Next live webcast: Total Lunar Eclipse of February 20-21, 2008

June 8, 2004

On Tuesday 8 June 2004 crossed the Sun's disk producing an extremely rare Venus transit. Venus could could be seen in silhouet as a large black spot. The transit was observed in its full extent throughout Asia, Europe, Iceland, Greenland and Africa. It was partially visible for observers in Australia, Japan, and the eastern states and countries of the Americas).

Astronet and several other institutions in The Netherlands and Belgium organized a live webcast of the Venus transit and acted as a node for online calculation of the Sun-Earth distance through the website Did you measure comtact timings? Please join our observations and enter your contact timings and geographical coordinates through our Observation Headquarters.

I shall try to show some of the results that are sent to Astronet soon. For the time being you might have a look already at the resulats that are shown at or the Venus Transit Photo Gallery of


Archive images by Paul Dolk at
Space Expo, Noordwijk, The Netherlands

Soon: archive images by
Mira Public Obervatory, Belgium

Between June 3 and June 13 Venus is
visible in SOHO's coronagraph


  • Theodore Lunar Observatory (Sydney)
  • CSIRO (Canberra)

  • Austria:
  • Österreichische Gesellschaft für Astronomie und Astrophysik (ÖGA2) (Innsbruck/Vienna)
  • Sonnenobservatorium Kanzelhoehe (Graz)
  • Universitäts-Sternwarte Wien (Vienna)

  • Belgium:
  • Mira Public Observatory (Grimbergen)
  • Université Libre de Bruxelles
  • Urania Public Observatory (Hove)
  • RUG-Volkssterrenwacht Armand Pien (Gent)

  • Brazil:
  • IP&D / FCC - Universidade do Vale do Paraíba - UNIVAP

  • (Peoples Republic of) China
  • Guangdong (China) Astronomical Society

  • Czech Republic:
  • Observatory and Planetarium Hradec Kralove
  • Express Astronomical Information (Karlovy Vary)
  • Express Astronomical Information (Brno)
  • Express Astronomical Information [Streaming video]

  • Denmark:
  • Dansk Rumforskningsinstitut (Copenhagen)
  • Astronomibladet

  • Egypt:
  • Expedicion Sonora VT-2004 Egipto (Cairo)

  • France:
  • Observatoire de l'Ecole Supérieure d’Optique (St. Etienne)
  • Observatoire Pic du Midi
  • Observatoire du Pic de Chateau Renards (Association "Astroqueyras",Hautes-Alpes)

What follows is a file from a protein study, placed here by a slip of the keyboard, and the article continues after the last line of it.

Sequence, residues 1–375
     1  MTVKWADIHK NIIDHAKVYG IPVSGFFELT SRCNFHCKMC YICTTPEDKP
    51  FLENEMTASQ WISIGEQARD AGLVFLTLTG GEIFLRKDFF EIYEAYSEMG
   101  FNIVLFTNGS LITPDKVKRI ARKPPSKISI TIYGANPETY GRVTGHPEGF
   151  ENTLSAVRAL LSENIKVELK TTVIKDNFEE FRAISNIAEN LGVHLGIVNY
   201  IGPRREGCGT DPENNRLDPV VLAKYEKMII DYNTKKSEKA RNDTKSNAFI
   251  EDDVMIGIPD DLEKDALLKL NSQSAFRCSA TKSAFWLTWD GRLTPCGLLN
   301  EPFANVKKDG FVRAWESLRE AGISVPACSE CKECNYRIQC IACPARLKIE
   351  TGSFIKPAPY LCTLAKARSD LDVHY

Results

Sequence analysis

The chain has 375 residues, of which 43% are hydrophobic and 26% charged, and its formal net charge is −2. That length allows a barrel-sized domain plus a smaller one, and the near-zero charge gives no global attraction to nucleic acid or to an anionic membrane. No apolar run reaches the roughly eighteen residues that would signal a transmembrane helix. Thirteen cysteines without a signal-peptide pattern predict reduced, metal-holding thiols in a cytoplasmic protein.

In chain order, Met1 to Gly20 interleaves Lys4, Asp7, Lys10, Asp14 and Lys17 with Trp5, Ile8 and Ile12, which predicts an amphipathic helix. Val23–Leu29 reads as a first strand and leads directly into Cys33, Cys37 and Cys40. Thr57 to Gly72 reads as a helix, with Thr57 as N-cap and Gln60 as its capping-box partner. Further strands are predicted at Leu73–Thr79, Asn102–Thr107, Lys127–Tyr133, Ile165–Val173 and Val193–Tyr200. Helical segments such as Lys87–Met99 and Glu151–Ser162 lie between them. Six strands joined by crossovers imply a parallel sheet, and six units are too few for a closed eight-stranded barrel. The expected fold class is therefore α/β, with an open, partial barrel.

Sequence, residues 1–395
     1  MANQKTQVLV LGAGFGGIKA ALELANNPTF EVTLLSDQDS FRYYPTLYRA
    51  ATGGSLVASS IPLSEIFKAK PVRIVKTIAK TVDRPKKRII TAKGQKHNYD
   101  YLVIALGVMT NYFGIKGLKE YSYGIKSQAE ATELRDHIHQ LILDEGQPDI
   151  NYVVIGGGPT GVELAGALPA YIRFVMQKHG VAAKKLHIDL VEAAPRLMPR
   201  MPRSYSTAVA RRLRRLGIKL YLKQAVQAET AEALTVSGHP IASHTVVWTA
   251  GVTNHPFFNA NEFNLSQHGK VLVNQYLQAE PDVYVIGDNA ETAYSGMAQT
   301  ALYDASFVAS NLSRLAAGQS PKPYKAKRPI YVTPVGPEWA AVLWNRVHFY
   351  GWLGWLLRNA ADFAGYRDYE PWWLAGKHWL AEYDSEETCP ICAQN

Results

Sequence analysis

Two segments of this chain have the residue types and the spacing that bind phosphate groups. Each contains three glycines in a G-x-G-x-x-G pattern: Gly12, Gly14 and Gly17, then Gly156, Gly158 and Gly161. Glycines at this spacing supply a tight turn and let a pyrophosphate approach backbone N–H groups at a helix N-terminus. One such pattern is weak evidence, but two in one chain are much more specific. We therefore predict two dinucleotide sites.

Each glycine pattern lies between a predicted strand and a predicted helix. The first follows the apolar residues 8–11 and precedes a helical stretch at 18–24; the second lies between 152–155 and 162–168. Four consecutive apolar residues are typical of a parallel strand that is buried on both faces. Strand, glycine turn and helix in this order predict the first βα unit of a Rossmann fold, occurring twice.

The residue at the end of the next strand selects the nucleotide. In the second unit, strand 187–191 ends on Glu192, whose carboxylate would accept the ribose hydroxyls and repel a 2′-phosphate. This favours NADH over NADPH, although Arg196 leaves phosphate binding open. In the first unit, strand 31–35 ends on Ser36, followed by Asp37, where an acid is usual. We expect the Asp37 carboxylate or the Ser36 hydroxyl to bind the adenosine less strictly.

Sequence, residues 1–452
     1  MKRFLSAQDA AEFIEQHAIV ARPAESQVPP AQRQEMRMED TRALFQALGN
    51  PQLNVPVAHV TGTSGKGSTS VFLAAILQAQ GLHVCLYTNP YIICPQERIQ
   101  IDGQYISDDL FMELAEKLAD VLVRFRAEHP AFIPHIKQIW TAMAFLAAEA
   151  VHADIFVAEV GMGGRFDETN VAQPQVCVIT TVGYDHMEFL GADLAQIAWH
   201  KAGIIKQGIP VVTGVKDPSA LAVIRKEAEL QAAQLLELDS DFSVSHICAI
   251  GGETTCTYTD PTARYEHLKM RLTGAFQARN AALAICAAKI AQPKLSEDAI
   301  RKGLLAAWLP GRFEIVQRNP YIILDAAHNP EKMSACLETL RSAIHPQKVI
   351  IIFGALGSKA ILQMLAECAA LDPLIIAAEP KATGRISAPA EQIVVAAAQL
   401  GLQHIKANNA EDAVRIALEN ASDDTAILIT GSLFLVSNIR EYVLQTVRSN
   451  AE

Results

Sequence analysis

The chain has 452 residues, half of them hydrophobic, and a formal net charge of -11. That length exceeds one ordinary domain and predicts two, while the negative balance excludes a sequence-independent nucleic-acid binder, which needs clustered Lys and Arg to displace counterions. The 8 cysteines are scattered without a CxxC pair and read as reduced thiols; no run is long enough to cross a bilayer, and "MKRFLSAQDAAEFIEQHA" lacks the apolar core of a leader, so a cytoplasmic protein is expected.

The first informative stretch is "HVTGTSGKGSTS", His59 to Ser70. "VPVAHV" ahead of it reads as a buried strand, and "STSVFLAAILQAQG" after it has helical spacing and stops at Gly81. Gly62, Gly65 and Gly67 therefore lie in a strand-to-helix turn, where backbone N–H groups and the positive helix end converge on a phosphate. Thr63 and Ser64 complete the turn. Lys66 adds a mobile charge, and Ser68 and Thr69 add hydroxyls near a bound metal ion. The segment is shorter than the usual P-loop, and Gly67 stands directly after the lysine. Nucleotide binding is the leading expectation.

• Observatoire de Paris-Meudon
  • Observatoire de la Côte-d'Azur
  • Observatoire des Sciences de l'Univers de Besançon

  • Germany:
  • Astro-LiveCam Sternwarte (Hattingen)
  • Observationszentrum (NoRa)
  • Sternwarte Lohfeld (Bad Salzuflen)
  • Raumflugplanetarium "Juri Gagarin" (Cottbus)
  • Wendelstein-Observatorium (LMU München)
  • Sternwarte Peterberg
  • Astronomische Vereinigung Karlsruhe
  • VdS - Vereignigung der Sternfreunde
  • Kiepenheuer- Institut für Sonnenphysik (Freiburg)

  • Greece:
  • Exploratorium (Athens)

  • Hong Kong:
  • Hong Kong Astronomical Society

  • Hungary:
  • Polaris Observatory (Budapest)

  • India:
  • Vygyan Prasar
  • University of North Dakota V2K4 Expedition (New Delhi)
  • Nehru Planetarium (New Delhi)

  • Iran:
  • Kowsar-1 (K 1) Observatory (Isfahan)
  • Nojum, The Astronomy Magazine of Iran
  • Isfahan University, Physics Department
  • Adib Astronomy Society

  • Italy:
  • Istituto Nazionale di Astrofisica - INAF

  • Japan:
  • Yokohama Science Center, Astronomy Section
  • Nayoro Astronomical Observatory
  • Nagoya City Science Museum
  • Toyama Astronomical Observatory
  • Nishiharima Astoronomical Observatory
  • Kawabe Cosmic Park
  • Hoshinoko Yakata
  • Nakagawa Science Center
  • Nagasaki Science Museum

  • Macao:
  • Macao Astronomical Society

  • The Netherlands:
  • Sander Klieverik at Denekamp
  • Sterrenkids Webcam

  • New Zealand:
  • National Maritime Museum (Auckland)
  • One Tree Hill Domain

  • Norway:
  • (Oslo)

  • Poland:
  • Astronomical Institute of Wroclaw University (in H-alpha line)
  • Center of Theoretical Physics, Polish Academy of Sciences (Warszaw)
  • Center of Theoretical Physics, Polish Academy of Sciences (Warszaw)
  • Lodz Planetarium
  • Institut of Physics of Szczecin University
  • Polish Amateur Astronomy Association - Section of Solar Observations

  • Portugal:
  • COAA Centro de Observacao Astronomica no Algarve Poio (Portimão)
  • Centro Multimeios Espinho - Centro de Astrofisica da Universidade do Porto

  • Reunion:
  • Astroamateur Jacky FRANCOISE
  • Observatoire astronomique des MAKES

  • Romania
  • Astronomical Institute of the Romanian Academy (Bucharest)

  • Slovakia:
  • Slovak Union of Amateur Astronomers - Public Observatory Rimavska Sobota

  • Spain:
  • Parque de las Ciencias de Granada
  • Instituto de Astrofísica de Andalucía
  • Agrupación Astronómica de Málaga SIRIO
  • Solar Observation Network NSO/GONG - with images from Observatorio del Teide, Izaña - Tenerife (IAC)
  • SAROS Live (Gran Canaria, Canary Islands)
  • Agrupación Astronómica Isla de la Palma
  • Retransmission together with the Instituto Astrofísico de Canarias (IAC)
  • Universitat de Barcelona
  • Agrupació Astronómica Vizcaína - Bizkaiko Astronomi Elkartea y el I.E.S. J.M. Barandiaran de Leioa
  • Observatorio UCM - Depto. Astrofísica - ASAAF (Madrid)
  • Saros Group - Scientific Expeditions (Canary Islands)
  • Saros Group - Scientific Expeditions (Canary Islands)
  • Agrupación Astronómica de Sabadell (Barcelona)
  • Instituto de Astrofisica de Andalucia (Granada)

  • Sri Lanka
  • Arthur C. Clarke Institute (ACCIMT) (Katubedda, Moratuwa)

  • South Africa:
  • Pretoria Centre of the Astronomical Society of Southern Africa
  • Braam van Zyl, at Boyden Observatory, Bloemfontein
  • South African Astronomical Observatory

  • Sweden:
  • Images from the Swedish 1-m Solar Telescope (SST) in La Palma (Canary Islands)